If you were to ask me to name some typically German dishes I wouldn’t have been able to come up with anything better than Sauerkraut, Bratwurst and Apfelstrudel. And for all I know those recipes come from Austria or Switzerland. But recently I came across a recipe for Eierschecke on Pinterest. Now I had never ever heard of this before, but it sounded interesting. It’s basically a layer of yeasted sweet dough, topped with a quark (something in the yoghurt/cheese family) layer and an eggy layer. Apparently the name comes from some 15th century clothing item with 3 pieces (yay Wikipeda!).
Now I have to be honest. This isn’t the greatest thing I ever baked, but it is still really quite nice and quite different. And as I discovered it gets better if you leave it in your fridge for a day or two, not sure why though.
If I had to describe what it tastes like I would have to say it’s a cross between a vlaai and a cheesecake. Traditionally there should be poppy seeds in it, but I went for the apple and raisins route.
Apple and Raisin Eierschecke
– 200g flour
– 2 tsp dried yeast (or about 3/4 of a sachet)
– pinch of salt
– 30g sugar
– 30g butter
– 1 egg yolk
– 100ml milk
– 500gr full fat quark (if you can’t find it in a normal supermarket you might want to try a Polish one)
– 125g sugar
– 1 egg
– 1 tsp vanilla extract
– 75g raisins (I soaked mine in a bit of brandy)
– 2 apples
– 100g sugar
– 100g butter
– 3 medium eggs
– 1-2 tbsp flour
(- 1 tsp cinnamon – didn’t use this myself, but I imagine it’s good)
Step 1. If your yeast needs activating dissolve the the yeast in the milk with about half of the sugar. Put the other ingredients in a bowl and mix it a bit.
Slowly pour in the milk and knead the dough (I kneaded it in the bowl) till it all comes together to a smooth dough (it will remain rather sticky). Then cover the bowl with a kitchen towel or a plastic bag and leave it to rise for at least an hour.
Step 2. Once the dough has risen enough knock it back down and place it on a well floured work surface. Roll it out till it’s big enough to cover the base of your baking tin (mine was 19cm by 29cm, bit it was a bit too small as it turned out – a 24cm springform might be better suited). Then place it in the baking tin (lined with baking parchment). I had to stretch it quite a bit to get it to fit, so don’t worry about manhandling the dough. Then cover the tin with a kitchen tower or put it in a plastic bag again. Let it rise for another 45 minutes or so.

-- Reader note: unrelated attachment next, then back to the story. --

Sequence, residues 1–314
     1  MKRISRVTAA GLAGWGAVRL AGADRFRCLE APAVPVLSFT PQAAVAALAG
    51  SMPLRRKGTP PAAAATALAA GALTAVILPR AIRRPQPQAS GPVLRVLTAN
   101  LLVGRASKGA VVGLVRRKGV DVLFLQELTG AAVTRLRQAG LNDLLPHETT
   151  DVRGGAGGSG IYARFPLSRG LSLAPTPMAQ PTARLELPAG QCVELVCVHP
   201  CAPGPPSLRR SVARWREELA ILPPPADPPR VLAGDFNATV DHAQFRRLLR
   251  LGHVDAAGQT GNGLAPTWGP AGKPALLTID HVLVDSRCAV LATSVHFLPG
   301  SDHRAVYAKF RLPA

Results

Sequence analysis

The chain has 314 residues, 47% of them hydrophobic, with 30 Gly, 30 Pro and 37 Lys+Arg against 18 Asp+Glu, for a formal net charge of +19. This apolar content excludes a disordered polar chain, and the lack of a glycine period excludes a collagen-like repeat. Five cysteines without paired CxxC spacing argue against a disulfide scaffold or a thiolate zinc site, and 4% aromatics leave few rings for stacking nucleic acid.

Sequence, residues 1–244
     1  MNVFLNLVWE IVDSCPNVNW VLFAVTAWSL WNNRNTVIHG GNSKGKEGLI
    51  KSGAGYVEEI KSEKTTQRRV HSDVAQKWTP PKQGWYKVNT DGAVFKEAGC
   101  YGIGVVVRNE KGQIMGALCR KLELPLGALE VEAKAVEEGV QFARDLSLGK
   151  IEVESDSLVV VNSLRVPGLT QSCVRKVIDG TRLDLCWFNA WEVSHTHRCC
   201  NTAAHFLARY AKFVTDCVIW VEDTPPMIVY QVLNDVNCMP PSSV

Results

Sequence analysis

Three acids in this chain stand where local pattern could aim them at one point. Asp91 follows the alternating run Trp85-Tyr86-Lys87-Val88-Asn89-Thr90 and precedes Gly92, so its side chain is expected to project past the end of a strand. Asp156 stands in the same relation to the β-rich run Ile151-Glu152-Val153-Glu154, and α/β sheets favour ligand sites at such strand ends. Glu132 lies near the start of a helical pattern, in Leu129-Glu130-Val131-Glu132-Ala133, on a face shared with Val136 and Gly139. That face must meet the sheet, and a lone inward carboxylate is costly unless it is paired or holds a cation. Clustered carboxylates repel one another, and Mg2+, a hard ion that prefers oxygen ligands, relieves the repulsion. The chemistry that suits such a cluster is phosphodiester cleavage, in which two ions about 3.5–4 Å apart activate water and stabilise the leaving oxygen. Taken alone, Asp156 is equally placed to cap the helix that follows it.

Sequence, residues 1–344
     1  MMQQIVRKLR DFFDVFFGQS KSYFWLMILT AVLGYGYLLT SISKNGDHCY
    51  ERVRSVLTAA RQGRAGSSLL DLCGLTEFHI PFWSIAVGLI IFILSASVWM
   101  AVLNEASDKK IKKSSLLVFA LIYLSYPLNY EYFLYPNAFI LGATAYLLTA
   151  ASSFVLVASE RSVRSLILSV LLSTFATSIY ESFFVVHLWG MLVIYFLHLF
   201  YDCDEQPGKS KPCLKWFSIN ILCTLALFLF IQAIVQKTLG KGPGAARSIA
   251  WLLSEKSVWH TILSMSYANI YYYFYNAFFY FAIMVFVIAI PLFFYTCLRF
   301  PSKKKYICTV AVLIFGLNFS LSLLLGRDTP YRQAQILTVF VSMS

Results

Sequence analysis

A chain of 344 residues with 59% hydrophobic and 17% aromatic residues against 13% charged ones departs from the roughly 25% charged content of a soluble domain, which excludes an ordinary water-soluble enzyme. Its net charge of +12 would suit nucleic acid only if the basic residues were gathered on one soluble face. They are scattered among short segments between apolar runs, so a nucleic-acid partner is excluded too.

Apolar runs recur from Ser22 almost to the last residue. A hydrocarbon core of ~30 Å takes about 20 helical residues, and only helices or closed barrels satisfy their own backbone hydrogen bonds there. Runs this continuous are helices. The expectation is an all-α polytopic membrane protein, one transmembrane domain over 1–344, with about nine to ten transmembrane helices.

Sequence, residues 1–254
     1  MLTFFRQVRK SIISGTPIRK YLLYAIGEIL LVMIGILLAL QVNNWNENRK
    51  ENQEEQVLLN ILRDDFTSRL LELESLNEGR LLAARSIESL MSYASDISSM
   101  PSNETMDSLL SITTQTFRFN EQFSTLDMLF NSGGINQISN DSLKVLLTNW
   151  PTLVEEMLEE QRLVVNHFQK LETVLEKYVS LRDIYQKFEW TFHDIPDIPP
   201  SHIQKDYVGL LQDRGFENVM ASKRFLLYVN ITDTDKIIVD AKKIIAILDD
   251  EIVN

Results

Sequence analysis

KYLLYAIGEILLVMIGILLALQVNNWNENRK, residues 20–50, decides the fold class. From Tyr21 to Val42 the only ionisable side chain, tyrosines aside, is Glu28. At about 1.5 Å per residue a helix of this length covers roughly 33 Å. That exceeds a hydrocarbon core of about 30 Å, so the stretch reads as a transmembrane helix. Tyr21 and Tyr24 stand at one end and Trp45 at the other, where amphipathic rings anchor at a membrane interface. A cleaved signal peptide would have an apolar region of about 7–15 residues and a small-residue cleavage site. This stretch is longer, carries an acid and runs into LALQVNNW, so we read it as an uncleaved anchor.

Step 3. Once the flour has risen enough place the quark, sugar and egg in a bowl and beat it till the sugar is dissolved a bit.
Then stir in the raisins and vanilla. Pour the mixture onto the dough. Cut the apples into slices and place them on top.
Step 4. Put the sugar and butter of the top later in a bowl and beat till creamy. Then beat in the eggs one by one. It will probably curdle a bit, but the flour should help against that. If you are going to use cinnamon just stir it in. Pour the mixture on the apples and spread it out as evenly as possible (my camera batteries died, so no pic).
Step 5. Bake it for about 30 minutes at 220°C (200°C for fan ovens). if you use the same size tin as me it will probably spill over a little bit while baking. It will still be really wobbly when you take it out of the oven, but it should set just fine. Let it cool down completely before you eat it.
(nederlands recept volgt later)